The Soldotna football team finished the season 8-0 by dominating defending small-schools state champion Kenai Central 52-8 Saturday.
The Stars host the only other undefeated team in small-schools football, Thunder Mountain of Juneau, on Saturday at 4 p.m. at Justin Maile Field.
For all those on the central Kenai Peninsula that complain about having to drive to Anchorage to watch the best game of the postseason, this may be the year to catch the highlight game right here at home.
This is the first year the Southeast Conference received a berth in the postseason. The conference has been traditionally weak, so the conference got a No. 4 seed in the playoffs.
In its second year as a program, Thunder Mountain has made that first-round matchup a nightmare by quickly becoming one of the top teams in the state.
The Falcons are ranked second in the final Alaska Sports Broadcasting Newtork Poll, while the Stars are first.
"They are a rough first-round draw," said Stars head coach Galen Brantley Jr. "There's no question about it."
Nikiski coach Ted Riddall lost to Thunder Mountain earlier in the season. When the Falcons beat Renton High School in the state of Washington 36-20, Riddall's respect for Thunder Mountain grew. Renton has an enrollment of 1,000 and Riddall said Renton has good football tradition.
"They're a small school but they have big-school athletes," Riddall said of the Falcons. "They have 640 kids in that school. They're very athletic. I don't see SoHi pushing their front wall around. It's going to be close."
The Stars get Phil Bennett back from injury for the game. Bennett had 660 yards on 77 carries in just five games before a shoulder injury.
In his absence, a number of running backs have stepped up to make Soldotna's attack even more potent.
Robbie Smithwick is second on the peninsula with 916 yards on 60 carries, Auston Tennis has 694 yards on 66 carries and Jared Duncan had 500 yards on 80 carries.
Homer coach Camron Wyatt, who lost to Thunder Mountain 23-12 and Soldotna 26-20, said Soldotna may have the edge in the game due to its Wing-T offense, which puts a premium on faking out the opposing defense.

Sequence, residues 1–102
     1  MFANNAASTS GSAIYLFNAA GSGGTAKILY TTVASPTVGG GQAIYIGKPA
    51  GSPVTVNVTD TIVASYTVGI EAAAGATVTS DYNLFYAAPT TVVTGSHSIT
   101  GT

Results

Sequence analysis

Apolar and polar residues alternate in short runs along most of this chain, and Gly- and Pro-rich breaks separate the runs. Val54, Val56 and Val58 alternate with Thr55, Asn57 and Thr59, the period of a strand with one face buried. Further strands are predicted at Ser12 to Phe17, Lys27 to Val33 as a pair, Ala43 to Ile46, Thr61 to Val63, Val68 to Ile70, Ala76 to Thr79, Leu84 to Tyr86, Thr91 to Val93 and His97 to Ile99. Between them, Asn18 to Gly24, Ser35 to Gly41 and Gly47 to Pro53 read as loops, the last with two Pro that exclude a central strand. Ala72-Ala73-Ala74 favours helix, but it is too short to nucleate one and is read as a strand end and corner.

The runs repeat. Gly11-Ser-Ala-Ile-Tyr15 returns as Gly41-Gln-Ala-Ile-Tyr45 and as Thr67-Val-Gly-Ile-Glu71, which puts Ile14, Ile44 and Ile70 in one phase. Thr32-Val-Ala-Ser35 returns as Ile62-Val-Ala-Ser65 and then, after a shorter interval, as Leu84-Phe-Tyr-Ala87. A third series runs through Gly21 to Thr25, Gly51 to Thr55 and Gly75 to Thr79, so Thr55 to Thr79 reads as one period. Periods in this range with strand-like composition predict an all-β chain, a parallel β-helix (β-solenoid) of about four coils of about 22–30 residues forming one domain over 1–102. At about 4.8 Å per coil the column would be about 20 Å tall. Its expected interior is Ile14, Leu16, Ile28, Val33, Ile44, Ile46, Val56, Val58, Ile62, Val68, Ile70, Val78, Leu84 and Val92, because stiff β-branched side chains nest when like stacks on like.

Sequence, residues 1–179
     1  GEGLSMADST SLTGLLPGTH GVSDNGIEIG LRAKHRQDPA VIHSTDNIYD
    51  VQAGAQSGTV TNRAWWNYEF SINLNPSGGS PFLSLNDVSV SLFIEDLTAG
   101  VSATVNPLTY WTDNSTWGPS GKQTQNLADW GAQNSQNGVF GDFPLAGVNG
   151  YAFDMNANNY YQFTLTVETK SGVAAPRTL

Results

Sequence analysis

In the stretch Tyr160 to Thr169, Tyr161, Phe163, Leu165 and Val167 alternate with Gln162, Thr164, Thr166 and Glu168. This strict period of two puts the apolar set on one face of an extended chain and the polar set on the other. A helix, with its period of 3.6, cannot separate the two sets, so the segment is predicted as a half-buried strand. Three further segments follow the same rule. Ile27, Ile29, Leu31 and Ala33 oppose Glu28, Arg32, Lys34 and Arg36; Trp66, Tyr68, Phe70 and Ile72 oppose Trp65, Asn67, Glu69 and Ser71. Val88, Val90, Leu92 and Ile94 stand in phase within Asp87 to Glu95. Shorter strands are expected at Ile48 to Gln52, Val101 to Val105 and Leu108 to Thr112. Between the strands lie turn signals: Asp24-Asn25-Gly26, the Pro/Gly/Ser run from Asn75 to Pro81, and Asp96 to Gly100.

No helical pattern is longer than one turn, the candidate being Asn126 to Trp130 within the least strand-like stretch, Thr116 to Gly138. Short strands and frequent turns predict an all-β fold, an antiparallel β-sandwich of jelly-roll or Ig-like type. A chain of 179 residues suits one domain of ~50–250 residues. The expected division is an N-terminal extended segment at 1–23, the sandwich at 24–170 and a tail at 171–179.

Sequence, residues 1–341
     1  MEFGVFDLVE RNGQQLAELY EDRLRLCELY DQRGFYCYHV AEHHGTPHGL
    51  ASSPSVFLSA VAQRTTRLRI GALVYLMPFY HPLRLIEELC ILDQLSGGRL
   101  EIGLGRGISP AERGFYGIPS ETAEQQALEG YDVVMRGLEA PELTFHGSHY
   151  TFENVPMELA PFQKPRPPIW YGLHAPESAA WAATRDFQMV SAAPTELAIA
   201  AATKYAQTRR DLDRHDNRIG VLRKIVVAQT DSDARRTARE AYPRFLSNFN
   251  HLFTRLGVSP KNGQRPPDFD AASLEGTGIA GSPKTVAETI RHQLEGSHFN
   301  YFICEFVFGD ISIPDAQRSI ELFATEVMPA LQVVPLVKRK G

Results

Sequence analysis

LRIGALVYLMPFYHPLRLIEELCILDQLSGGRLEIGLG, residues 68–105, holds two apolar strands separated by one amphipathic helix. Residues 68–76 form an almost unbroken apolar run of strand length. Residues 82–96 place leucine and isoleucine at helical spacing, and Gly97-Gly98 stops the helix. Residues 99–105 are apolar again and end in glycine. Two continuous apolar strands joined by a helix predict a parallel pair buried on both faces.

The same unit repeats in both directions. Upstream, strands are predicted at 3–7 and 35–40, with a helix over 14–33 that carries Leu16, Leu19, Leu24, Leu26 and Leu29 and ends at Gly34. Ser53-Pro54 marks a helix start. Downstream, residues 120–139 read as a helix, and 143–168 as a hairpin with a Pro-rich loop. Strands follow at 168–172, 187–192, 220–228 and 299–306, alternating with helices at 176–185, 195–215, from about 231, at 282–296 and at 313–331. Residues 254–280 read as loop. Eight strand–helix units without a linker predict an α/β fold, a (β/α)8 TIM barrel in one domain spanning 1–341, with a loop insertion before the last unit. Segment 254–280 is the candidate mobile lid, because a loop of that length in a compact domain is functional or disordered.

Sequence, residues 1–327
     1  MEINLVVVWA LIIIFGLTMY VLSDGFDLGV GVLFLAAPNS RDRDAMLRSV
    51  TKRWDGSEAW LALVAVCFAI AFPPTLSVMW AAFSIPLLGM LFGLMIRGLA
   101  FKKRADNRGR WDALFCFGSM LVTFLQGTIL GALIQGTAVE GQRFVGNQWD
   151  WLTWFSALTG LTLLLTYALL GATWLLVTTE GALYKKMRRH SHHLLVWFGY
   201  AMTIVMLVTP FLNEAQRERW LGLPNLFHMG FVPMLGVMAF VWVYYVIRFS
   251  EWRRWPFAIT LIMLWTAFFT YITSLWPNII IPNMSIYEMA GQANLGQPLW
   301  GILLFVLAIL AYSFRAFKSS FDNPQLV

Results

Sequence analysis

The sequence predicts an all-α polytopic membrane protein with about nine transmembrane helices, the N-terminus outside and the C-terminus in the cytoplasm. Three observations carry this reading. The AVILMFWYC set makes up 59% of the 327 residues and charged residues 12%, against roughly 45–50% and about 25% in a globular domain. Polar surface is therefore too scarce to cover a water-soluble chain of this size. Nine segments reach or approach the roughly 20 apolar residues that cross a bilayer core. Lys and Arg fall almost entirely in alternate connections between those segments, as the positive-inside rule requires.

"You can see it on game film, but playing against it is something different," Wyatt said. "We've played against it more than anybody, and it's taken us some time to learn how to defend."
Brantley Jr. said Thunder Mountain has played against two other teams that use the Wing-T, so he doesn't think the Falcons will be at a disadvantage.
"This is Round 3 with the Wing-T, so we're losing some of that edge," Brantley Jr. said.
The coach said the Stars need to control the game with their rushing attack. Let Thunder Mountain's explosive attack on the field too many times, and bad things are bound to happen.
Brantley Jr. said of all the teams the Stars have faced this season, the Falcons have the most talented athletes on offense.
"They're a talented football team with 15 seniors," Brantley Jr. said. "This is as good as it's going to get."
Wyatt said the Falcons will pound the ball up the middle until the defense crowds the line of scrimmage, then release a deep passing attack.
Brantley Jr. said the Falcons' most dangerous player is running back Cameron Fronimos, who has rushed for 1,094 yards and 15 touchdowns. Camden Thomas has passed for 446 yards, while Donald Stokes has caught 12 balls for 315 yards.
While Brantley Jr. said drawing the Falcons was almost like a punishment for winning the Northern Lights Conference crown, he is looking at the bright side.
"In order to be a state champion, we're going to have to beat them somewhere along the way," he said. "It might as well be now, at home."
Homer at Nikiski, Noon
This will be the fourth time the teams have met in the past two seasons.
Homer opened 2009 by blanking the Bulldogs 27-0, then notched a 24-15 win in the 2009 playoffs.